I know, its overly simplistic and just meant to illustrate the counterpoint ... but no more simplistic that what we have done for the past several decades, a system built not just on market demand, but on government planning, strict land controls, and subsidies. I think market studies are showing increasing demand for both small-lot housing (less than 5,000 sq. ft.) and apartments and condos, as we have a new generation coming into the market and as 73% of households don't have children at home. IMHO, our best bet seems to be to accommodate the range of housing while removing subsidies that are counter to sustainability (such as subsidies for larger mortgages and for auto transportation). If we make our cities more attractive, I think more people would choose this option (stop building highways along the waterfronts, for example), but I think the U.S. is far from any political situation where planning would be used to force people into urban areas.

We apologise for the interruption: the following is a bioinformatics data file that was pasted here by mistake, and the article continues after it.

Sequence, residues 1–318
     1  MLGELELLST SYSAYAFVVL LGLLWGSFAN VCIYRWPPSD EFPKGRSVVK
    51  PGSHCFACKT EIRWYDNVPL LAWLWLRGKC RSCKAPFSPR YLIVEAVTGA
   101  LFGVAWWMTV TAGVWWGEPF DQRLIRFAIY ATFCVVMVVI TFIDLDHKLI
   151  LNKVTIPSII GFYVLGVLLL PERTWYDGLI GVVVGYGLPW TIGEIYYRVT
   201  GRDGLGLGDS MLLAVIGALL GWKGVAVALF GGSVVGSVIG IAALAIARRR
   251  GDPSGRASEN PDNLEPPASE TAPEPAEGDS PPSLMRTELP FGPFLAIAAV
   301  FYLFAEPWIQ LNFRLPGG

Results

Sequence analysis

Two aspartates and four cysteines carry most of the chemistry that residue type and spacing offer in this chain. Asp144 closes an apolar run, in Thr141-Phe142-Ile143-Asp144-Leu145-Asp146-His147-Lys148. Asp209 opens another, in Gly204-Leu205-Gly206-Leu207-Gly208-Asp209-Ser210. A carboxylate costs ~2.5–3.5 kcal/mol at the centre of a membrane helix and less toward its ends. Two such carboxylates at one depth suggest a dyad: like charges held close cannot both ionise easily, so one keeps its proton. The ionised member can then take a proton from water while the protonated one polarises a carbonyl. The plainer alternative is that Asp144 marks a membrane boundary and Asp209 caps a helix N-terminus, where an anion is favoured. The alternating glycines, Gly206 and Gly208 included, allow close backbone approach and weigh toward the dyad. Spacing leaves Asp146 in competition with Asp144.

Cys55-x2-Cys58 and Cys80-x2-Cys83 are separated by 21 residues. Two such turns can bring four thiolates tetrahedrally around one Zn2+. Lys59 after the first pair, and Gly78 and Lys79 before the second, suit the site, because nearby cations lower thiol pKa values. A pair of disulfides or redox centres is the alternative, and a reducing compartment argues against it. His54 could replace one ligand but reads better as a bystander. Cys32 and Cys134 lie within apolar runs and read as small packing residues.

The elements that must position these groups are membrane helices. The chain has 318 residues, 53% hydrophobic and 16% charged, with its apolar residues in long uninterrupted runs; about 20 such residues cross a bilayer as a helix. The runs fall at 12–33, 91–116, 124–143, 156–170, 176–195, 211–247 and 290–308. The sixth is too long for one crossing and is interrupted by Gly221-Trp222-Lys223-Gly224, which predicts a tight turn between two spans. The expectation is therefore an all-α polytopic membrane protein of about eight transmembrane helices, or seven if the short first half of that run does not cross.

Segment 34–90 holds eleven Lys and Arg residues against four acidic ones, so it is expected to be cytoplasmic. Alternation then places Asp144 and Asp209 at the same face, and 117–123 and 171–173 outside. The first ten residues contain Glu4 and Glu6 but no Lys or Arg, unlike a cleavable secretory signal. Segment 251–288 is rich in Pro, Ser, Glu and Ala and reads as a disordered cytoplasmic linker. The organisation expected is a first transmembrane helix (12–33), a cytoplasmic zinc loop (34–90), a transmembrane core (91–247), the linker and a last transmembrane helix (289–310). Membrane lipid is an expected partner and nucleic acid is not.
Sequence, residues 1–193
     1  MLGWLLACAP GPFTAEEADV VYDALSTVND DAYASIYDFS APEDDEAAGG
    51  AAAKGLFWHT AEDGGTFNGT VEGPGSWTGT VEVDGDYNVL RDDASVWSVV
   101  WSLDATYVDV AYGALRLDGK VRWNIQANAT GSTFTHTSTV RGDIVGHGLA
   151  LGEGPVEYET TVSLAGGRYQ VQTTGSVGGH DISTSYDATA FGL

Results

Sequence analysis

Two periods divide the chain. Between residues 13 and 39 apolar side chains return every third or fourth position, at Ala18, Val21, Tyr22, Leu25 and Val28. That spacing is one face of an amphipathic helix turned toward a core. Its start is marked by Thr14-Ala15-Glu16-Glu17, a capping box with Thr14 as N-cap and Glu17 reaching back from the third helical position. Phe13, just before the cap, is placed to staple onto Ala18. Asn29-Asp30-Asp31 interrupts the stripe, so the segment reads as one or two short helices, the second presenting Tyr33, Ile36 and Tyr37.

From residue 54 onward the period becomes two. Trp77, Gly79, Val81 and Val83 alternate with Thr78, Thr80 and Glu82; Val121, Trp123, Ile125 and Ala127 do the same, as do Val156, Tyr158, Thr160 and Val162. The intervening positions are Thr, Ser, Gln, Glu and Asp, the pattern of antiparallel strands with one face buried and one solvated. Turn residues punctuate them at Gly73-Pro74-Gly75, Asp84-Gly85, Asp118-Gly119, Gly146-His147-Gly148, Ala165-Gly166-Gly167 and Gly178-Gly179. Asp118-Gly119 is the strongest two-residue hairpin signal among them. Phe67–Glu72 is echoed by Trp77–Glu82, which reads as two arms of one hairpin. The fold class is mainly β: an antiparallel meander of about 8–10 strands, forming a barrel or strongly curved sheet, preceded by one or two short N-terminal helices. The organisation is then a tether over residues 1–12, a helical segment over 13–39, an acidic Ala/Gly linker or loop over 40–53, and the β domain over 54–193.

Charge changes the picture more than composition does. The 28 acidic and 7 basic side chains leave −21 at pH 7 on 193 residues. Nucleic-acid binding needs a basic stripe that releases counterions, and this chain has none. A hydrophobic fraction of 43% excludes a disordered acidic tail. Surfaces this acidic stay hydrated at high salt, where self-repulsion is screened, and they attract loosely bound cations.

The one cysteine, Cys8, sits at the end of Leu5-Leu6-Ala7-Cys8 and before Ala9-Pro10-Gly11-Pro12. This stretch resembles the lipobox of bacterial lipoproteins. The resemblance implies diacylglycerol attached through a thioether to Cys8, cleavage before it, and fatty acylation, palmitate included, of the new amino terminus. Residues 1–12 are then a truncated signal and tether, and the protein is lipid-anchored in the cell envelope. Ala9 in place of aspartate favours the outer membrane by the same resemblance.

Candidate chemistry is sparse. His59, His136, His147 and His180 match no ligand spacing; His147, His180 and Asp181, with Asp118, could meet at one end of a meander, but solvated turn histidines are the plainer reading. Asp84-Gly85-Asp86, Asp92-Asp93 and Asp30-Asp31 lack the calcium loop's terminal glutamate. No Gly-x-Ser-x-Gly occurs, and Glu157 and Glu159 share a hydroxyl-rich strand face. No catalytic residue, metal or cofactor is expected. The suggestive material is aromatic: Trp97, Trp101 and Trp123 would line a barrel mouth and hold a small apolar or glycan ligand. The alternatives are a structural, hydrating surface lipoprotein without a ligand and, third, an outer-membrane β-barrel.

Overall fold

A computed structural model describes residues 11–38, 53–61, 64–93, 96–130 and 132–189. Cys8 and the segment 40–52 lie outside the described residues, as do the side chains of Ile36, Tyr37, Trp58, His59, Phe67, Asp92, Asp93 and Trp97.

I think as planners we also have a duty to plan - not simply regulate in response to forces like NIMBY. While many people in my growing metro area may have liked those roomy single-family neighborhoods, for example, did they also like the eventual 8 lanes of congested highway traffic at a standstill during rush hours? The appearance of their commercial corridors? The inability to walk to a destination such as shopping or schools? Street networks that are very difficult to retrofit for transit? The eating up of open space nearby for new neighborhoods while their governments didn't have the foresight to set aside and protect some lands? My guess is they didn't know this is what they were choosing. I think people are expressing preferences for a variety of housing types, including single-family, as well as neighborhoods where one can walk to destinations, and that accommodate the rail transit we voted for and preserve the open space voters have supported. This is where the profession of planning comes in, if we are to create livable cities as we face growth.